The existence of a strong private sector and the wider discourse – inside and outside the health sector, at national and international levels, about the need for the public sector to work with the private sector – do not themselves provide the rationale. Neither does knowing more about what makes interactions work. Government stewardship of the health system in every setting is always based on values and in pursuit of expressed and agreed political objectives. Evidence does not replace politics in policy making, it is always only one input to the process. The critical first question, therefore, is surely not ‘how do we scale up public-private engagements?’ but rather, ‘what sort of a health system do we want in terms of access, coverage and quality?’ – and only second, ‘can private sector agents support this goal’?


Lucy Gilson is Health Policy Editor of Health Policy and Planning and Professor of Health Policy and Systems at the London School of Hygiene and Tropical Medicine and the University of Cape Town.


1 comment

  1. Bob Fryatt

    Lucy raises valid concerns about the role of the private sector and how much effort should policy makers put into expanding public-private interactions. In response I would like to raise a few points:

    1) Since the onset of democracy in South Africa there has been considerable debate about the future of the country’s health sector and this continues today. The Green Paper on National Health Insurance has raised a considerable range of views, which is feeding into a new national policy on National Health Insurance. The government has recently launched a competition commissin enquiry into the high costs of private health care. The main focus of the Department of Health is improving the quality of services in the public sector – whether it be national priority programmes, such as for HIV /AIDS, TB, MCH or Mental Health, or for improving management and service delivery in primary care and Hospitals. Our focus on public-private interaction is not taking place in a vacuum – is it not just one element of a much larger discourse on the future of South Africa’s health system.

    2) The private-for-profit health sector currently utilises a high level of the health workforce and of health technology for a relatively small, and wealthy group of the population. In the longer term, a well run, and well resourced public sector with a higher overall level of health workers will help redress this imbalance, but will take many years to develop. Is it not worth looking for short and medium term solutions to addressing inequities is still worth doing, keeping in mind that this should not impair the longer term objectives?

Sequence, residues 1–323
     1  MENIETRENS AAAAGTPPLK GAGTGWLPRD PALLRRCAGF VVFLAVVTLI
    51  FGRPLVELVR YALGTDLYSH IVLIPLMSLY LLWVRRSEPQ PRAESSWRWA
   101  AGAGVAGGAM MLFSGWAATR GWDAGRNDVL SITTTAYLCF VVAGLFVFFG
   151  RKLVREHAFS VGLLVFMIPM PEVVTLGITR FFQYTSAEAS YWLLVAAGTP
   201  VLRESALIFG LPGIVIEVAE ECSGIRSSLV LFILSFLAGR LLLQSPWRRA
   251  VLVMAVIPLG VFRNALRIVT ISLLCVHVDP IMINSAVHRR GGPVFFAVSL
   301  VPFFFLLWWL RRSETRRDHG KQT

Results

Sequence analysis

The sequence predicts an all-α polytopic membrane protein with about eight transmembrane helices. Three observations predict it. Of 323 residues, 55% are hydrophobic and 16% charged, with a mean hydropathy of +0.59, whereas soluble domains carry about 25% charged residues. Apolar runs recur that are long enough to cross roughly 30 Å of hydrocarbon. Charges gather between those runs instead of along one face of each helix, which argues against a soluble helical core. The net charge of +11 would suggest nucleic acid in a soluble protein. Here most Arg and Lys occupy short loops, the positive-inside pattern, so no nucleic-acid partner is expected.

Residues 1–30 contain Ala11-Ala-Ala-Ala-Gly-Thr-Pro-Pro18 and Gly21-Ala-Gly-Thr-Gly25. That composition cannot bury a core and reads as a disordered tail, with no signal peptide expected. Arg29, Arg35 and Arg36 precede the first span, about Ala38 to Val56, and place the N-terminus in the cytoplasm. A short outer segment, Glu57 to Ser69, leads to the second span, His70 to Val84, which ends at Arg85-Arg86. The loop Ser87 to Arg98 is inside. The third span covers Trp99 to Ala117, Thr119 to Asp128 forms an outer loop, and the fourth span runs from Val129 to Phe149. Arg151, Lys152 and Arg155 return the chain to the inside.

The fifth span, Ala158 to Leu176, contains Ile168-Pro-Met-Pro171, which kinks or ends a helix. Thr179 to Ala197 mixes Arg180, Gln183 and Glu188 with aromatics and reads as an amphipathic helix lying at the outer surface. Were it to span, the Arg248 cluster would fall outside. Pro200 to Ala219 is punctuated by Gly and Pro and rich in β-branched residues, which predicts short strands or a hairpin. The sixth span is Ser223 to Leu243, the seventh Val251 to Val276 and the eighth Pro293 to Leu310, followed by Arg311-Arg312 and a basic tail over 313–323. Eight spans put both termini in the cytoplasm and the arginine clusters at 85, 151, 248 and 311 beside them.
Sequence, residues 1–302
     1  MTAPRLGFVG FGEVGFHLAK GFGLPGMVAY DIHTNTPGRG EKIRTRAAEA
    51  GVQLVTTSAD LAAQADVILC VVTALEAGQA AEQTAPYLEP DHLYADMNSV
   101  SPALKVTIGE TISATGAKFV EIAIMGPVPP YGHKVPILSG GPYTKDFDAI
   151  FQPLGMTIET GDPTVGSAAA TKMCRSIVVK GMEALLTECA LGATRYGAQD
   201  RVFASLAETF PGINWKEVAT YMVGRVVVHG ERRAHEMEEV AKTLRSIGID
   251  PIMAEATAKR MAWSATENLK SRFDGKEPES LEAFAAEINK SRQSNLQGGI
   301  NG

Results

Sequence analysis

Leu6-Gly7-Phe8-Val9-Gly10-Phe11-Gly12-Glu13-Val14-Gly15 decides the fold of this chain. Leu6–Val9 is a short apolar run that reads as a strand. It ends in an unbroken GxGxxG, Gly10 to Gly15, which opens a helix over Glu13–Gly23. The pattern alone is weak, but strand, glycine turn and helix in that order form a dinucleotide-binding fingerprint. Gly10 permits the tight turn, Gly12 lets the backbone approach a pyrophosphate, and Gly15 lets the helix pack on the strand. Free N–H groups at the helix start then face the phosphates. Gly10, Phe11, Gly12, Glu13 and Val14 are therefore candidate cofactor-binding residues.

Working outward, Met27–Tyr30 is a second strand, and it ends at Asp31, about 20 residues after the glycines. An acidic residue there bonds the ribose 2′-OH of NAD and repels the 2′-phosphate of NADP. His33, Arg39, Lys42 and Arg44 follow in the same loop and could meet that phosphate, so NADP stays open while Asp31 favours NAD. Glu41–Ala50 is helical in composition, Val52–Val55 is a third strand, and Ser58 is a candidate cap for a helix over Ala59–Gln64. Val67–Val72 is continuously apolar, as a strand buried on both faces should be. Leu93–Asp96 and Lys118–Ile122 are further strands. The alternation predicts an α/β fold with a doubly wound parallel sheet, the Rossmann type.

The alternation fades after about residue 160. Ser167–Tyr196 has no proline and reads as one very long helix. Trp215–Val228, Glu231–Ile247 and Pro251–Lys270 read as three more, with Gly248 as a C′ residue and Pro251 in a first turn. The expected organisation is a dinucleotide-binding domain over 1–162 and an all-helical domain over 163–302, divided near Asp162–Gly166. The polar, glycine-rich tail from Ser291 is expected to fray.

3) Despite the extensive number of reports, reviews and pilots of public-private interaction, the number of rigorous evaluations was small. This was despite some being recognised by the Treasury, and some parts of the public sector moving forward with explicity partnerships and collaborations with the private sector. We argued that many of the current collaborations may seem to be in line with national goals, but without some independent rigour to assessing their impact, this area will remain open to conjecture.

    4) Whilst there will no doubt continue to be two different camps in South Africa – those in favour of the private health sector, both in terms of financing and provision, and those against it – there does need to be a continual look for a middle path. There are many reasons for this not least the limited level of health workers and medical specialists in the country. The case studies in our paper gave some examples of this and there may be more, especially if the not-for-profit sector is included. The potential positive outcomes of these interactions, in terms of improved access to quality services for those currently under-served, as well as any unintended consequences, do require more attention from the the evaluation and research community.